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Turning 30 Administrators at two ASCs preparing to recognize nearly 30 years of continuous operation, share their survival tips and secrets of success. BY SAHELY MUKERJI


A


fter Medicare approved pay- ment to ASCs for the first time in


1982, the number of surgery centers in the US grew. Today, many of the ASCs founded soon after the Medicare poli- cy change are preparing to celebrate 30 years of continuous years of operation. “People are our strongest asset,”


says Susan Simons, RN, CASC, ad- ministrator of North Kitsap Ambula- tory Surgery Center, dba Pacific Sur- gery Center, in Poulsbo, Washington. “We strive to create an environment where staff and physicians want to come to work and develop a strong team where everyone is acknowl- edged and valued as an important part of the process.” Simons’ surgery center is a three- operating room (OR), multi-specialty ASC accredited by the Accreditation Association for Ambulatory Health Care. The center celebrated its 28th anniversary in April. Rhonda Kurz, RN,


director of


nursing at Cincinnati Eye Institute (CEI) ASC in Cincinnati, Ohio, which has been open for 27 years, agrees. “Treating our employees as valued members of a team and working along with them to provide the best environment for patient care” has been one of the primary reasons why the ASC has been operating efficiently for so long, she says. “I would say one of the most beneficial things I have learned over the years in business is to surround yourself with the best, most talented people you can find and to create a visible method of advancement within your organization.” CEI is a six-OR and four-procedure


room, physician-owned facility. The physicians, says Kurz who has been with the ASC for 27 years, “have culti- vated an ASC where our vision, mission


34 ASC FOCUS JUNE 2013 Tips for New ASCs


Susan Simons, RN, CASC, admin- istrator of North Kitsap Ambula- tory Surgery Center, dba Pacific Surgery Center, in Poulsbo Wash- ington, recommends the follow- ing for ASCs that are just opening their doors and those that have been in business just a short time:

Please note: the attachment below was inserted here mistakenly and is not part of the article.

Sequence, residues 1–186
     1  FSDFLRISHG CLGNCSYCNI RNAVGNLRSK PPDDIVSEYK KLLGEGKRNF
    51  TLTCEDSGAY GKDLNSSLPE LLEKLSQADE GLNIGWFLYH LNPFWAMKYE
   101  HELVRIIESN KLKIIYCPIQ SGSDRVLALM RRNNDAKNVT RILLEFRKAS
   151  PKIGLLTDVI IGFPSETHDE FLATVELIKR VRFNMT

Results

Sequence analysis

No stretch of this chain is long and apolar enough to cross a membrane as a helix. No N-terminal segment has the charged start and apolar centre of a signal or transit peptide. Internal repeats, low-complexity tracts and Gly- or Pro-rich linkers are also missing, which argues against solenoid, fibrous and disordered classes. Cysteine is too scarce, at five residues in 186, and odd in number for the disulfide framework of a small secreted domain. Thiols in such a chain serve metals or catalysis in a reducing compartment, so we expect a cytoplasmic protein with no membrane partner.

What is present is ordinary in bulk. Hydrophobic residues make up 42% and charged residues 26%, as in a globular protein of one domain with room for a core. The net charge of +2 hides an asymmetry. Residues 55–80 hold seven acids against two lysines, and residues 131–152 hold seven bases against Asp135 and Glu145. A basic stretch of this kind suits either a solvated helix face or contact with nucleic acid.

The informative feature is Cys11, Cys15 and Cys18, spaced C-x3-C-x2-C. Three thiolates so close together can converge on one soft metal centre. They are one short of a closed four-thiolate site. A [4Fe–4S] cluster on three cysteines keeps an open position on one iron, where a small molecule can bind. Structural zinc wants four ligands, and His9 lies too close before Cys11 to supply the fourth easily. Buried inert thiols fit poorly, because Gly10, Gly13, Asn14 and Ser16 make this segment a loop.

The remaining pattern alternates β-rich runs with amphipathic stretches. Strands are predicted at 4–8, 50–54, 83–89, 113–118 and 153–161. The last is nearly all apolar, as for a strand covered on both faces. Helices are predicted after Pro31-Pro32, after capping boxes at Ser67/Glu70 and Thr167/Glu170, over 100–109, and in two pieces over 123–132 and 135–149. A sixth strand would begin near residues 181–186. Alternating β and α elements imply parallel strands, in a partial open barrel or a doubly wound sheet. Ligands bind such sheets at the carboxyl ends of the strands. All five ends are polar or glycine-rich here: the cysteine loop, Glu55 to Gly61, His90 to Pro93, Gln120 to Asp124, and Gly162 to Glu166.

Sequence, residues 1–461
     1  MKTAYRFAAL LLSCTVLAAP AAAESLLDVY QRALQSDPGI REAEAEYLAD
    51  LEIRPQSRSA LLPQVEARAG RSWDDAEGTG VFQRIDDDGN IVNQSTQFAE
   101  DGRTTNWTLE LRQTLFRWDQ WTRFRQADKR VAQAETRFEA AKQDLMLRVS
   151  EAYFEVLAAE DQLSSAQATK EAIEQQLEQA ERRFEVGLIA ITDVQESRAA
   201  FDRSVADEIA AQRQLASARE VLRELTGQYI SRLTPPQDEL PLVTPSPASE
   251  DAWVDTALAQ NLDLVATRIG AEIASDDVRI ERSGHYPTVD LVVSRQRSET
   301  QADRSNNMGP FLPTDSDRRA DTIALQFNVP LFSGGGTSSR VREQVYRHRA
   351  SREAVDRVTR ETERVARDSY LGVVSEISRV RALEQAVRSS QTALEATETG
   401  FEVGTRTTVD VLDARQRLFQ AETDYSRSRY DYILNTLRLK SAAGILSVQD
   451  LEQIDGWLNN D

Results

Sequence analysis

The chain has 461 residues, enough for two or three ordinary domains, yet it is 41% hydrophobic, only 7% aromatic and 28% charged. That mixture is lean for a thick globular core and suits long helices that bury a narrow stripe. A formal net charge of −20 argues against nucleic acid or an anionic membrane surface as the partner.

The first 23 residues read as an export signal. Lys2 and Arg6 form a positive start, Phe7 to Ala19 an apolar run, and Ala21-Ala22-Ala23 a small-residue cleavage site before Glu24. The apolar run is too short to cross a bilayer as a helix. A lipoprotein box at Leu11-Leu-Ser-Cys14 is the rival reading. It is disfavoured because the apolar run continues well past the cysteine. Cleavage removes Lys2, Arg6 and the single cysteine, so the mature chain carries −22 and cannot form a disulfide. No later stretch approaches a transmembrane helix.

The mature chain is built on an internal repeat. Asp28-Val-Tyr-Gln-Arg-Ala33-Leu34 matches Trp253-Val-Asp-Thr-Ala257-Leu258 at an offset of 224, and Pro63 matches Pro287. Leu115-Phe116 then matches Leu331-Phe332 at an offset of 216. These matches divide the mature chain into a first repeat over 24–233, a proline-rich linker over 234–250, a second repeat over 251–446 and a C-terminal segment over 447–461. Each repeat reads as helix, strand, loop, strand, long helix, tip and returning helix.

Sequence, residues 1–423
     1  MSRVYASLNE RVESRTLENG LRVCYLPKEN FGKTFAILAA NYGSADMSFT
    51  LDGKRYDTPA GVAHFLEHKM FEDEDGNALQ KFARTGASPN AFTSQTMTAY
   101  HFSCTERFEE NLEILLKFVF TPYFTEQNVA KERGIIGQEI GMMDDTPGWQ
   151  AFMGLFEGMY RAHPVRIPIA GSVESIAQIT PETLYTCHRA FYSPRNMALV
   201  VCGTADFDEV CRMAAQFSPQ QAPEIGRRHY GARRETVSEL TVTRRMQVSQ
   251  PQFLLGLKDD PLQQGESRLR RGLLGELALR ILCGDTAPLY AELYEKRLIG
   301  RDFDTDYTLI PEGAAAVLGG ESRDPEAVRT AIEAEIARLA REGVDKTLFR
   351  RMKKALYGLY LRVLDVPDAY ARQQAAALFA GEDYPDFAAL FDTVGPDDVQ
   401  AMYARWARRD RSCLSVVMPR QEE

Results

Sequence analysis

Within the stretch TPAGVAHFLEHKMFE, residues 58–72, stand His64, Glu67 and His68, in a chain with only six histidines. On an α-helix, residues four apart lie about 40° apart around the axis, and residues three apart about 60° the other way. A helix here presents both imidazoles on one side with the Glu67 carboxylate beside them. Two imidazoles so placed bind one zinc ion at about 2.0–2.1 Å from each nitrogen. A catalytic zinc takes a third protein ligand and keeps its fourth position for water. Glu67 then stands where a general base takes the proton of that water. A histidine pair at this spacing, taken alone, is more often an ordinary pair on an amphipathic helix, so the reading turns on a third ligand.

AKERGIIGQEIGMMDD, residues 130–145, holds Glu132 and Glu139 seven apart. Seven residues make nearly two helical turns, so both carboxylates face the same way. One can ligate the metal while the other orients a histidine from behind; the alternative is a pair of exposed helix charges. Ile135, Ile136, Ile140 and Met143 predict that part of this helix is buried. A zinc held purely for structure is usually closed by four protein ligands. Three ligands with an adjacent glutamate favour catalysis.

Know your costs. With the de- creasing margins, it is essential that each center determine the scope of its services.





Get to know your vendors. Ne- gotiate good contracts to keep supply costs low.


■ ■


Maintaining accreditation provides an excellent


framework for providing excellence in patient care and adhering to the best practices.”


— Rhonda Kurz, RN Cincinnati Eye Institute


and goals are reflected throughout the employees’ and patients’ experience.” To maintain its “strongest asset,”


says Simons, the Pacific Surgery Cen- ter offers “ongoing education, flex- ibility in hours and good benefits.” Ongoing education is a big part of being a successful ASC, Kurz agrees. “Maintaining


accreditation pro-


vides an excellent framework for providing excellence in patient care and adhering to the best practices,” Kurz says. “As the landscape of reim- bursement continues to change, ASCs have got to think outside of the box for ways to save money or, in some





Know what you need in insur- ance contracts and negotiate.


Cross-train staff. People are the most expensive part of the bud- get. Utilize the staff you have.


Become involved in your state and national organizations to support the future of the ASC industry.


instances, create new revenue streams that they hadn’t considered before.” Other tricks of the trade for being successfully operational for almost three decades are providing state-of- the-art equipment to physicians so that they can offer the most up-to-date services, Simons says, and encour- aging new owners to join the ASC. “Encouraging ownership of new pro- viders increases their involvement in providing quality and cost-effective care,” she says.


At the end of the day, says Si- mons, “set your missions and goals, and don’t worry about the competi- tion. We try to do what we do and do it well.”


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